• FIG. 3 is an enlarged, partially cross-sectional side view illustrating a junction between the distal end portion of the shaft and the neuromodulation unit shown in FIG. 1.
  • FIG. 4 is a cross-sectional end view of the junction shown in FIG. 3 with reference to the line 4-4 in FIG. 3.
  • FIG. 5 is a partially cross-sectional side view illustrating a junction between a distal end portion of a shaft and a neuromodulation unit of a catheter configured in accordance with another embodiment of the present technology.
  • FIG. 6 is an enlarged, conceptual side view illustrating interaction between locking features associated with the neuromodulation unit and locking features and notches associated with the distal end portion of the shaft within the junction shown in FIG. 5.
  • FIG. 7 is a partially cross-sectional, perspective side view illustrating a catheter configured in accordance with another embodiment of the present technology; the catheter including a shaft and a neuromodulation unit. The catheter is shown in a delivery state within a sheath.
  • FIG. 8 is a partially cross-sectional, perspective side view illustrating the catheter shown in FIG. 7 with the catheter shown in a deployed state.
  • FIG. 9 is a partially cross-sectional, perspective side view illustrating a catheter configured in accordance with another embodiment of the present technology; the catheter including a shaft and a neuromodulation unit. The catheter is shown in a deployed state.
  • FIG. 10 is a partially schematic illustration of a therapeutic system configured in accordance with an embodiment of the present technology; the system including the catheter shown in FIG. 7.
  • DETAILED DESCRIPTION
  • Specific details of several embodiments of the present technology are described herein with reference to FIGS. 1-10. Although many of the embodiments are described herein with respect to devices, systems, and methods for intravascular renal neuromodulation, other applications and other embodiments in addition to those described herein are within the scope of the present technology. For example, at least some embodiments may be useful for intraluminal neuromodulation, for extravascular neuromodulation, for non-renal neuromodulation, and/or for use in therapies other than neuromodulation. It should be noted that other embodiments in addition to those disclosed herein are within the scope of the present technology. For example, embodiments of the present technology can have different configurations, components, and/or procedures than those shown or described herein. Moreover, a person of ordinary skill in the art will understand that embodiments of the present technology can have configurations, components, and/or procedures in addition to those shown or described herein and that these and other embodiments can be without several of the configurations, components, and/or procedures shown or described herein without deviating from the present technology.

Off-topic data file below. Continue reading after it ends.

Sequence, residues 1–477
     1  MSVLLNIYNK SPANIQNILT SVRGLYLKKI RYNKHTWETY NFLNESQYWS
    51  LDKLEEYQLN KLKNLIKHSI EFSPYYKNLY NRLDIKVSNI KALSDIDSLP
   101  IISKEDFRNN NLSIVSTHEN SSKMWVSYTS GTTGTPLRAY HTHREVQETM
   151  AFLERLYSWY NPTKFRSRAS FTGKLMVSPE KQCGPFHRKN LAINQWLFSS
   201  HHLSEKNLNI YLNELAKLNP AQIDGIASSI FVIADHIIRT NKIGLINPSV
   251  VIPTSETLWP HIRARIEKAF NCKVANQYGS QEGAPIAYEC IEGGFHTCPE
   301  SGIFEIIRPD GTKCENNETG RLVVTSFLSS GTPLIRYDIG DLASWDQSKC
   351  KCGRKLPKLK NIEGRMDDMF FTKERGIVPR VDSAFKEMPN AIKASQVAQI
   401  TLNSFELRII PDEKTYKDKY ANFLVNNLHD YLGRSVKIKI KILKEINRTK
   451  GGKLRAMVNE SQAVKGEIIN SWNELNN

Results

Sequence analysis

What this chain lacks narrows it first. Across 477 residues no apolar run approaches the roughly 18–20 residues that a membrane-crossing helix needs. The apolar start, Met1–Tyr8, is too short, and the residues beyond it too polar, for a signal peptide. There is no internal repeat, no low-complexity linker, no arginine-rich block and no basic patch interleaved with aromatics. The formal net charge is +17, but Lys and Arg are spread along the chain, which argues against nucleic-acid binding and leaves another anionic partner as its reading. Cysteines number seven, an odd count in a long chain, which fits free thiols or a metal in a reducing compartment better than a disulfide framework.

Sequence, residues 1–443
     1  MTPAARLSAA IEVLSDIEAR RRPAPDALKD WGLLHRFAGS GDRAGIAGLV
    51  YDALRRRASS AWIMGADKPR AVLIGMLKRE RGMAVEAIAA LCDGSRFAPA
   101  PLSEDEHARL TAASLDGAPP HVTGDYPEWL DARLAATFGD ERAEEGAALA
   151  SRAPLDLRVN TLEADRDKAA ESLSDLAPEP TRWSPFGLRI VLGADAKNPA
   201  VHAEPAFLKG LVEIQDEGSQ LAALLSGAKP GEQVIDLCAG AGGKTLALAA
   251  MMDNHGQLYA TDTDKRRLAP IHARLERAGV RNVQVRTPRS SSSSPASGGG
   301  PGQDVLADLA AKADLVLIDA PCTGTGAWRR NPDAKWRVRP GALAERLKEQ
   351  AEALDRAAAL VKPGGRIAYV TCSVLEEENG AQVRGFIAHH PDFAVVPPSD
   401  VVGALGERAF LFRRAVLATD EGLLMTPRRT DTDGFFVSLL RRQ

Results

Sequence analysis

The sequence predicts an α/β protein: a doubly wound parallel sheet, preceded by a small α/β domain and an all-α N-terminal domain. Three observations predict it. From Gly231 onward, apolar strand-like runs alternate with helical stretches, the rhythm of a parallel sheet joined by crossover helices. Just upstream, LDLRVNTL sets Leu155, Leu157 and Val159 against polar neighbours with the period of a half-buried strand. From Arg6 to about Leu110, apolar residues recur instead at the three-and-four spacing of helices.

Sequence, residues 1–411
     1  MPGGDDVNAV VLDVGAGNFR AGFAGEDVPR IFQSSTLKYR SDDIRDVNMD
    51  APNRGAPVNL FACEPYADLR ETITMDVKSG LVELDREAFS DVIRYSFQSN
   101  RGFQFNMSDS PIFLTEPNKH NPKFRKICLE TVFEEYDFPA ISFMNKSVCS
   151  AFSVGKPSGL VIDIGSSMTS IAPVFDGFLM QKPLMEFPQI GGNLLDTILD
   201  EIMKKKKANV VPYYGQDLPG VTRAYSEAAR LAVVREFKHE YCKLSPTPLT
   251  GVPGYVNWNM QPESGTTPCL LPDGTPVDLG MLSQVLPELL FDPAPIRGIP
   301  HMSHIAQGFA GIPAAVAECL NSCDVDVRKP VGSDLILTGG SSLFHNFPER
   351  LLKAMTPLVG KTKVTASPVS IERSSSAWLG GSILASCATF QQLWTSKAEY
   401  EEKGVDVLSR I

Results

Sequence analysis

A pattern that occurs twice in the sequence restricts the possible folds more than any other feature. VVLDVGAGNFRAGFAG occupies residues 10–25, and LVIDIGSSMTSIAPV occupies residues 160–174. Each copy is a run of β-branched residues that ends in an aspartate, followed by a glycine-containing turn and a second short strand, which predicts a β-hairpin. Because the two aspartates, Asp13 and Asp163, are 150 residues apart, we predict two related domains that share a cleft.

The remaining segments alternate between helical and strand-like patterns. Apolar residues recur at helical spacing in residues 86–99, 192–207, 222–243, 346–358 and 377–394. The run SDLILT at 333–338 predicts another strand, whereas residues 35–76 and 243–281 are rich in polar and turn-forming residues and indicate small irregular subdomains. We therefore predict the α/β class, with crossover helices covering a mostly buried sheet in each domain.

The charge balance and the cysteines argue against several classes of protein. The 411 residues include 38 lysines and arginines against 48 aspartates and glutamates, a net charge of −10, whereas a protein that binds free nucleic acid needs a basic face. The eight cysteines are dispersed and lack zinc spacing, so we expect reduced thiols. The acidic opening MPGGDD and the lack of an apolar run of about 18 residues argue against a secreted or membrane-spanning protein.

• As used herein, the terms “distal” and “proximal” define a position or direction with respect to a clinician or a clinician's control device (e.g., a handle of a catheter). The terms “distal” and “distally” refer to a position distant from or in a direction away from a clinician or a clinician's control device. The terms “proximal” and “proximally” refer to a position near or in a direction toward a clinician or a clinician's control device. The headings provided herein are for convenience only and should not be construed as limiting the subject matter disclosed.
  • It is typically advantageous to at least generally maintain the position of a neuromodulation unit relative to the surrounding anatomy during a neuromodulation treatment. For example, it can be advantageous to at least generally maintain stable contact between a therapeutic element of a neuromodulation unit and an inner wall of a body lumen (e.g., a blood vessel, a duct, an airway, or another naturally occurring lumen within the human body) during a neuromodulation treatment. This can enhance control and/or monitoring of the treatment, reduce trauma to the body lumen, and/or have other advantages. In some cases, at least generally maintaining the position of a neuromodulation unit relative to the surrounding anatomy during a neuromodulation treatment can be challenging. For example, a patient's adjacent body tissues may move (e.g., in response to respiration or cardiac pulsation) and/or a shaft connected to a neuromodulation unit may move (e.g., in response to a handle connected to the shaft being inadvertently bumped, jostled, or otherwise disturbed) during a neuromodulation treatment. Such movement of a patient's body and/or a shaft can cause disadvantageous relative movement between a neuromodulation unit connected to the shaft and the surrounding anatomy at a target site.